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Starting at the top left and moving clockwise, this image shows extreme drought and dry soil that can cause vegetation to die, succulent yellow corn that grows when a plant has all of the resources it needs to thrive, graduate student, Frances O'Donnell, from Princeton’s Ecohydrology Lab working in Botswana with soil CO2 plots during the summer of 2008, and aid worker and nurse Bridget Holtz serving in the Red Cross Camp in Jacmel, Haiti, an area that has been hard hit by natural disasters like drought, famine and earthquakes.
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Starting at the top left and moving clockwise, permissions were granted from USGS, USDA, Dr. Caylor of Princeton University and Bridget Holtz.

Withering Crops - An Effect of Global Warming

We often take plants for granted. But they are so important! They give us food, paper, wood, even medicine. They also absorb carbon dioxide and release oxygen during photosynthesis. When big changes happen to the plants around us, we are affected too.


Big changes are happening on our Earth. The Earth's climate is warming. Global warming changes the amount of precipitation received in different parts of the world, and it also increases the intensity and frequency of droughts and heat waves. These drastic changes are affecting plants already, with more changes yet to come.

The Earth is a place of great bounty - its crops and plants feed over 6.8 billion people worldwide (and that doesn't count all the animals that depend on plants for food). But, researchers think that the Earth's population could pass 9 billion people by 2050. That's over two billion additional people that need to be fed every day. Combine this increase in global population with the fact that many plants are subject to stress due to warmer temperatures and drier conditions that are brought on by climate change, and it is clear we are on troubling path.

How do plants deal with increases in temperature? During the process of transpiration, plants lose water through tiny holes in their leaves called stomata. Because the water evaporates from the surface of the leaf, transpiration helps plants stay cool, in the same way sweating keeps humans cool. So the process of plants losing water through their stomata prevents overheating of the plant. Global warming is also projected to bring less precipitation or increased drought conditions in many parts of the world. How do plants deal with a lack of water? When less water from the soil is available, the plant closes the stomata on its leaves so water doesn't escape from the plant. Unfortunately, closed stomata don't let in carbon dioxide (CO2) needed for photosynthesis and plant growth becomes stunted. The plant must now choose between keeping its own water (stomata closed) and gaining food through photosynthesis (stomata open). At the point when the plant cannot survive any more without food, it will be forced to open its stomata, letting its own water escape. The plant, which is fighting to survive, becomes wilted or withered.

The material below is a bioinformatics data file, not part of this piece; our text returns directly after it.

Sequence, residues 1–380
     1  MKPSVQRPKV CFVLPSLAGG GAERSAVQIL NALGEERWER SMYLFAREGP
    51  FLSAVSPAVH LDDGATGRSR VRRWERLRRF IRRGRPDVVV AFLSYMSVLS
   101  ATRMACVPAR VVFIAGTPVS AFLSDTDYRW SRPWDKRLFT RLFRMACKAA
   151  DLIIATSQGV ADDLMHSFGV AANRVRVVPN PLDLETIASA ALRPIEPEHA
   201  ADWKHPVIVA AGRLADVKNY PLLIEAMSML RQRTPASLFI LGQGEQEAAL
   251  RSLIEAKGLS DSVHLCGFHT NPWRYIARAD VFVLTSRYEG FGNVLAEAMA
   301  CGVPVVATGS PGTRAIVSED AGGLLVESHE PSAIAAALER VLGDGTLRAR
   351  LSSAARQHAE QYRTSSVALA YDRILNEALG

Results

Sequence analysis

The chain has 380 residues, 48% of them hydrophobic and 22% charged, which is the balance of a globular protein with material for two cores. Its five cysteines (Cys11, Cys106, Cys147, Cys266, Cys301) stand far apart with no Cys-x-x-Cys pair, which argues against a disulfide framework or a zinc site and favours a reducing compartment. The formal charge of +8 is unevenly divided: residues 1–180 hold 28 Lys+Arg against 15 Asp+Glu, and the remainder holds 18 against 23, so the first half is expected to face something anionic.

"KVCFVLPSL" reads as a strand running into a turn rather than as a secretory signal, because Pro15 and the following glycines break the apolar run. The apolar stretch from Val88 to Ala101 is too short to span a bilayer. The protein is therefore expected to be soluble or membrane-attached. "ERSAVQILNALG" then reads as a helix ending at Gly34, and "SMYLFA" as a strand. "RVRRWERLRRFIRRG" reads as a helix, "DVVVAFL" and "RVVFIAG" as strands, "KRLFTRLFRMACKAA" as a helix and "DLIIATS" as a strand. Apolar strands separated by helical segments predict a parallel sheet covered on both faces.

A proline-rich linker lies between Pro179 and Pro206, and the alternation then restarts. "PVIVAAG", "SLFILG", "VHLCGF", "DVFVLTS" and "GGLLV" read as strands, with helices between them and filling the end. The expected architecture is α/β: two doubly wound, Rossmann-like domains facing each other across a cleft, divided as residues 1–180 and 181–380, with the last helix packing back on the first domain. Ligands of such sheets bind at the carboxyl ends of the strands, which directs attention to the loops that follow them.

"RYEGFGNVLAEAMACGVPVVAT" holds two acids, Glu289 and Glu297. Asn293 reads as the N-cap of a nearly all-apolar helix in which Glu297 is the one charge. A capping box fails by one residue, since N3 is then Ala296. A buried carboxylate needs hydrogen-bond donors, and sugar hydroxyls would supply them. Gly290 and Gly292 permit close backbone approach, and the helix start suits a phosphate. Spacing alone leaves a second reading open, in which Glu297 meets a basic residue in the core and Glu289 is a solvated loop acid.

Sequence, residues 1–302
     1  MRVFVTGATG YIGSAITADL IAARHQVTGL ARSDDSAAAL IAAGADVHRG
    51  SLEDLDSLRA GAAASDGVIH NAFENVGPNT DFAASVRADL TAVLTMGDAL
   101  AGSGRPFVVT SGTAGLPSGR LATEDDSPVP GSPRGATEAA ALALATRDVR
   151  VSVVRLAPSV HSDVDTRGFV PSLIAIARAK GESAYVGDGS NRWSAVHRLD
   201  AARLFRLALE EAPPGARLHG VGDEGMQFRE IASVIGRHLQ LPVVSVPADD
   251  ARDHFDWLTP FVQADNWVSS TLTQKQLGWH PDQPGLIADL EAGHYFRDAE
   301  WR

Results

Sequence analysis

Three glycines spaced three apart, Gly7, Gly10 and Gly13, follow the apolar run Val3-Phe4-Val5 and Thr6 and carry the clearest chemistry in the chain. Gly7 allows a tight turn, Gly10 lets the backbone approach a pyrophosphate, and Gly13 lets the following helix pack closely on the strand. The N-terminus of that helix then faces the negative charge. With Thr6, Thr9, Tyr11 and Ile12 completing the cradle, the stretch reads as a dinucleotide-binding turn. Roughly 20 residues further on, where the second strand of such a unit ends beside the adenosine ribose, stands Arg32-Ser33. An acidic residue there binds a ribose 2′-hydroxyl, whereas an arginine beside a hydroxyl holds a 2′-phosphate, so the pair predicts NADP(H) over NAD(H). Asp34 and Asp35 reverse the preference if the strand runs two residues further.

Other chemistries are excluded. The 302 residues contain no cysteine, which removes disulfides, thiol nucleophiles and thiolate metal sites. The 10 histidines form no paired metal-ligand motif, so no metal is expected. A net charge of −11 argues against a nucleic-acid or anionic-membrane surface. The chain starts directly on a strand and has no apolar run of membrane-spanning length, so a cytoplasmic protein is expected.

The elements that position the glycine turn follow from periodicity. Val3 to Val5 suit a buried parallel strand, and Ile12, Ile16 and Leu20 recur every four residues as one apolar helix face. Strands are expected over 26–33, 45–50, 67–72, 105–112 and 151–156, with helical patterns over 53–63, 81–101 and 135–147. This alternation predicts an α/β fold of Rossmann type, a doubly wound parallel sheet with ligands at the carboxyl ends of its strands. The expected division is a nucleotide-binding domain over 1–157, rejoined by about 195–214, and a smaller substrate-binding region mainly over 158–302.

Increased temperatures and drier soil conditions bring about crop withering, and crop withering can lead to many social problems. There have been many droughts reported in the last decade like in Ethiopia in 2000, Niger in 2005 or Somalia and Haiti later in 2008. These region's plants dried up because of drought and many people were left without food to eat. This can lead to famine in a region and even in extreme cases, political unrest and war. Of course, these areas might seem very far away. But, the IPCC has projected that Africa, Asia, Australia and New Zealand, Europe, Latin America, and small islands around the world will be affected by climate warming and that crop yields will decrease in those areas. All across the world, rising temperatures and the heat and drought it brings will force food prices to rise as crops do wither and fail around the world.

Luckily, people around the world and scientists are helping with these crop withering problems that could cause global crises. One way scientists are helping is through the Famine Early Warning Systems Network. FEWS NET is a system that helps target more than two billion dollars of food aid to more than 40 countries each year. Through this system, scientists are helping with early identification of drought that might trigger food shortages. Also, agricultural research worldwide is working on how to increase the yield of crops without needing more resources like water or fertilizer. The research of these complicated subjects will no doubt lead to great discoveries that will feed the growing population of the world.

Last modified February 10, 2011 by Jennifer Bergman.

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The Summer 2010 issue of The Earth Scientist, available in our online store, includes articles on rivers and snow, classroom planetariums, satellites and oceanography, hands-on astronomy, and global warming.

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